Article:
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Shostak: 'we will find ET within 20 years'


Posted on Friday, 14 March, 2014 | Comment icon 180 comments

Is there anyone out there ? Image Credit: CC BY-SA 2.0 Hajor
SETI's Seth Shostak believes that if alien life exists then we will find it within the next two decades.
The senior astronomer believes that advances in computing technology will make it possible to significantly speed up our ability to scan star systems for signs of intelligent extraterrestrial civilizations.
"The thing to keep in mind is that we're still in the very early days when it comes to the search for extraterrestrial intelligence," he said. "Saying there's a silence is a bit like if Columbus, looking to discover a new continent, only sailed 10 miles off the coast of Spain before turning back to say, 'Nothing out there!' I guess that whole exploration gig isn't going to work out."

The SETI Institute was founded back in 1984 with the aim to "explore, understand and explain the origin, nature and prevalence of life in the universe." If Shostak's prediction proves correct then the organization may succeed in achieving its goals a lot sooner than expected.

Source: Sydney Morning Herald | Comments (180)


Tags: SETI, Seth Shostak


Recent comments on this story
Comment icon #171 Posted by scowl on 31 March, 2014, 15:48
In the direction it was sent, certainly. But as for the "instant of each ping"... I'm talking about radar, not sonar. The radar transmit pulses, the 'pings' as you call them, are so close together it sounds like a constant signal modulated with a high frequency 'buzz' if you listen to it on a receiver. But they don't send these signals for long periods of time in one direction.
Comment icon #172 Posted by Occams Razor on 4 April, 2014, 12:24
BTW, I`m a SETI@home participant more than 10 years now. Good for you... do you have the SETI Spy software that allows you to see the data you're processing?
Comment icon #173 Posted by Occams Razor on 4 April, 2014, 12:25
But they don't send these signals for long periods of time in one direction. Maybe long enough though. Space radars don't 'scan'... they 'paint' their targets.
Comment icon #174 Posted by scowl on 4 April, 2014, 17:02
Maybe long enough though. Space radars don't 'scan'... they 'paint' their targets. Is this the technique they used decades ago to get a general idea of the Martian terrain? The idea was that the radar return from a planet would change as the planet rotated. A clean return would suggest smooth terrain while a disrupted signal would suggest rough terrain. As the planet rotated you would study the returns as longitudinal sections of the planet would enter and leave the radar signal. By examining all the returns you could get an idea of what sections of the planet were rough or smooth. That was th... [More]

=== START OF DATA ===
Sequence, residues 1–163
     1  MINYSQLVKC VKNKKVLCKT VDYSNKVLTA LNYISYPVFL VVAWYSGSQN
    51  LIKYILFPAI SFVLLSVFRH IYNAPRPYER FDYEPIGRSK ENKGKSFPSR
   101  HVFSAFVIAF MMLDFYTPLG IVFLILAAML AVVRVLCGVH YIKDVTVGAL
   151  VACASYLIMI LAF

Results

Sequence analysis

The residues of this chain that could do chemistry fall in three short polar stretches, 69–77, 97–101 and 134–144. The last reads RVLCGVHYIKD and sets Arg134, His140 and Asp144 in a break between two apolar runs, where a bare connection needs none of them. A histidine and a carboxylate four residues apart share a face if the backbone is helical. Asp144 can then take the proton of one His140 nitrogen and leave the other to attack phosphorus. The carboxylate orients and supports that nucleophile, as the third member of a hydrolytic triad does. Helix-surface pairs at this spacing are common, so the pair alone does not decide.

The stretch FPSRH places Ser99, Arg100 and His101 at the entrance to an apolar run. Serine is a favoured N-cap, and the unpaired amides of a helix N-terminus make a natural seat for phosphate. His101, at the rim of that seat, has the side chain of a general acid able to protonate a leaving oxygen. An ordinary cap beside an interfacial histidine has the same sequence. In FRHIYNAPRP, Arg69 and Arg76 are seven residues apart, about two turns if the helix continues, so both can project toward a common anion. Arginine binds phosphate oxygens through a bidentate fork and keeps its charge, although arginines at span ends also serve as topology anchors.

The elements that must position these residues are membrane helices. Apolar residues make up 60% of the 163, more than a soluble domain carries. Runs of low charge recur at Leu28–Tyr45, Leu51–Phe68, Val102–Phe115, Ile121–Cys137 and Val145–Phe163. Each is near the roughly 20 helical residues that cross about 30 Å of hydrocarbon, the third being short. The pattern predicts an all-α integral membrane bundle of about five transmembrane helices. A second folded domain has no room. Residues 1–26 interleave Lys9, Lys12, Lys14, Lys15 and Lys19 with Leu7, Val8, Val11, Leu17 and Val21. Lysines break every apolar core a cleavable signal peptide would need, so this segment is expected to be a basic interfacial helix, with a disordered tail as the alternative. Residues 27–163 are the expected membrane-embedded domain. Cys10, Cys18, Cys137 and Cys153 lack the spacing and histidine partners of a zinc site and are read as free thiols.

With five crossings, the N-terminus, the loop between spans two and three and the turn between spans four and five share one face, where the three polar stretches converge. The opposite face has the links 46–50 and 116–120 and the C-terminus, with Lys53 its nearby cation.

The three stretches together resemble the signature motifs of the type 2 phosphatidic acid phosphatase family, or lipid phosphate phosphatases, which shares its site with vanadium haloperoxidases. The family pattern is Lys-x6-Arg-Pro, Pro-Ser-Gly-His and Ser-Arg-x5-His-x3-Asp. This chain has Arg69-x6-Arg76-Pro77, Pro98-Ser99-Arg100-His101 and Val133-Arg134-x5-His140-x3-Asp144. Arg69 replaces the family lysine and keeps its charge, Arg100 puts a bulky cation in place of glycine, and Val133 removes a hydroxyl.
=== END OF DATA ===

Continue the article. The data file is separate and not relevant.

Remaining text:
Comment icon #175 Posted by Fairy Seeker on 5 April, 2014, 19:40
No, we won't find them...they'll find us, and it could be sooner than we think.
Comment icon #176 Posted by dbrokerr on 7 April, 2014, 0:35
They're already here...idiots.
Comment icon #177 Posted by Noteverythingisaconspiracy on 7 April, 2014, 10:04
They're already here...idiots. Good point ! You make you case in a considered and respectful manner, and the amount of proof you offer is very convincing. Warning: This post may contain more than you recomended daily intake of sarcasm.
Comment icon #178 Posted by Frank Merton on 7 April, 2014, 10:09
You see, it is only idiots who don't know they are already here. The rest of us who remain unpersuaded are just dumb-asses. Then there a luck few who've had their posteriors probed.
Comment icon #179 Posted by Sundew on 7 April, 2014, 14:47
I've always thought the notion of searching for radio noise from a distant world to be a bit naive given the distances. We've had radio communication for only around 100 years now and we're already beginning to digitize our signals globally so they are harder to decipher. Within another 50 years earth will "appear" nearly radio silent against the background radiation. If you think about it, is it really such a great idea to stand and shout "we are here!" when we don't know who's listening? Even assuming radio communications are still used 200 years from now, that still only covers a short time... [More]
Comment icon #180 Posted by Sundew on 7 April, 2014, 14:51
I've often thought this. I think we should remember the book, "How to Serve Man". Mmmmmm!


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